Stage winner Marcel Kittel (Giant-Shimano) gave his reaction straight after the stage, saying: “It was really messy at the finish – it’s always difficult when you have a downhill section in the final kilometer as it becomes really fast and harder to hold position. The team were strong today, controlling the race then we had to come really late for the lead-out. We found a way through on the right and this worked well. It’s good to win the first stage. It’s really nice to see the reaction of the spectators here – a lot of people came out to the race today. It’s a long way until London but it is nice to be the leader here and we will see what we can do tomorrow on stage two. I hope that as a team we will have more opportunities to challenge for stage victories here.”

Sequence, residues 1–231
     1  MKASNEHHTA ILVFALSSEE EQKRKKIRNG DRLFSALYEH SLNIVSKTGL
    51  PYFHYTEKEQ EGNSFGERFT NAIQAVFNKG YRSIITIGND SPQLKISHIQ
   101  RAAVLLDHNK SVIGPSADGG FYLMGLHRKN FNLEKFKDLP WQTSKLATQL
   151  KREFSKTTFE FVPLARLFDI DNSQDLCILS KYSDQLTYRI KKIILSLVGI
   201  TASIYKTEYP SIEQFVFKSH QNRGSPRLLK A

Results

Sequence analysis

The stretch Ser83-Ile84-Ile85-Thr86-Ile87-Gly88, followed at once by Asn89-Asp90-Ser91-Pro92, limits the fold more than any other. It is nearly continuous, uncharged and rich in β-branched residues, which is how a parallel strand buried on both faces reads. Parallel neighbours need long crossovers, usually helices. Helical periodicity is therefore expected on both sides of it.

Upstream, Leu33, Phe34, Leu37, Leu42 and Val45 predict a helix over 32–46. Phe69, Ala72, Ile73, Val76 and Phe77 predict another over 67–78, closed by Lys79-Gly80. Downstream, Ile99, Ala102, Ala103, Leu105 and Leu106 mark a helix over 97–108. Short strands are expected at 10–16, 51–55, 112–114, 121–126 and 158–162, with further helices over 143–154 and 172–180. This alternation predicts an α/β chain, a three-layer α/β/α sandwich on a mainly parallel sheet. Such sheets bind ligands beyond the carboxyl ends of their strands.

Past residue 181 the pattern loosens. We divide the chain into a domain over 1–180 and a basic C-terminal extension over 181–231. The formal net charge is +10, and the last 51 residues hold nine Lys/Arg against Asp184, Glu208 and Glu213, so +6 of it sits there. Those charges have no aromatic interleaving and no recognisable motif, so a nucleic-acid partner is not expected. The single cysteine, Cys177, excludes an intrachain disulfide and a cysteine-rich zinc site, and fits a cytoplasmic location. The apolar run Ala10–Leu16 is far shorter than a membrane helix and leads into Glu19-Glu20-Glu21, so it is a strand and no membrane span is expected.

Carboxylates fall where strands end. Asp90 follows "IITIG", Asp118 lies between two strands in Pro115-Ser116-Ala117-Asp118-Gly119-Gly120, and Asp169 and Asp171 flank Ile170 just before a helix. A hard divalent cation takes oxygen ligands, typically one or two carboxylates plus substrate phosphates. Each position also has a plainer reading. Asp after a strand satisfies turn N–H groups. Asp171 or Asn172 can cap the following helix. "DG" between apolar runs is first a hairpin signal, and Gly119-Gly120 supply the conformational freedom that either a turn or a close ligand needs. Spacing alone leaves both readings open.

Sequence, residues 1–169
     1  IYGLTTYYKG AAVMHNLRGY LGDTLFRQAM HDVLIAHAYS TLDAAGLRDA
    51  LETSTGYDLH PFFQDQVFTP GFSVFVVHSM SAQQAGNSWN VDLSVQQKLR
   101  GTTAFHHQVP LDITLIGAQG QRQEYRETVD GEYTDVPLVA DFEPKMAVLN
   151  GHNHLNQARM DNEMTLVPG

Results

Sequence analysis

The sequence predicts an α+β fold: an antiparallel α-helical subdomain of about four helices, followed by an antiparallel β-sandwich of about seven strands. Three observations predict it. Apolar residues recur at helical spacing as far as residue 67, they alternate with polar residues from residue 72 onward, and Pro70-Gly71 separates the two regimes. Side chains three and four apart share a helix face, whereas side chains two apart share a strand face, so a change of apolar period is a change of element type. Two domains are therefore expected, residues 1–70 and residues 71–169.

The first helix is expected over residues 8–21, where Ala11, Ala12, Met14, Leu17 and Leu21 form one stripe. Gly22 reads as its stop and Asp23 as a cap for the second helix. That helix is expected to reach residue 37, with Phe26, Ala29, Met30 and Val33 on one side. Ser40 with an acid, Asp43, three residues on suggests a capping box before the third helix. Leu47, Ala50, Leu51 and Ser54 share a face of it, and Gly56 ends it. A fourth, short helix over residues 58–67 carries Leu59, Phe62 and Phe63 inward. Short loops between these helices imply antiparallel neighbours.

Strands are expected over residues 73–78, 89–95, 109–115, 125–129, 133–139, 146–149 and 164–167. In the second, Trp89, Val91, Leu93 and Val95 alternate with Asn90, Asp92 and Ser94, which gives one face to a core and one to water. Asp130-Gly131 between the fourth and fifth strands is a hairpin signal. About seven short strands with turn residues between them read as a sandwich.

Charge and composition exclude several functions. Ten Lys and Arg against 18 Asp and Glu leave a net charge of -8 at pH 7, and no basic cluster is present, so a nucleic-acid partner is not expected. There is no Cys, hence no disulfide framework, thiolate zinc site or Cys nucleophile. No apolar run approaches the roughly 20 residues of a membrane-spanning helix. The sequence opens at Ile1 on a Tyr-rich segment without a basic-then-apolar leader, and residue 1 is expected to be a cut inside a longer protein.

Omega Pharma – Quick-Step rider Mark Cavendish, despite crashing into a car at 104.8km, came back to finish 3rd: “I had to change my cleats in the beginning of the stage,” Cavendish said. “I was coming back after and I was behind a car. Someone had to stop for a puncture so the car slammed on its brakes, and there was an island in the road. If I went right, I would hit a traffic island, so I went left and I whacked another car. I hit it with my left leg and I was down on the road. I felt immediately a lot of pain on my quadriceps. It took me a lap to come back even because our team car couldn’t assist me immediately because it was on the front. At that point I wasn’t planning to sprint either, it was painful. But after a couple of laps we decided to just try anyway, but sprint seated because I was in pain. I still got 3rd, but it’s a shame because I really wanted to try and win in front of the British public. But accidents like this are a part of cycling and it’s just a matter of bad luck. I really hope that the luck turns in the next days…”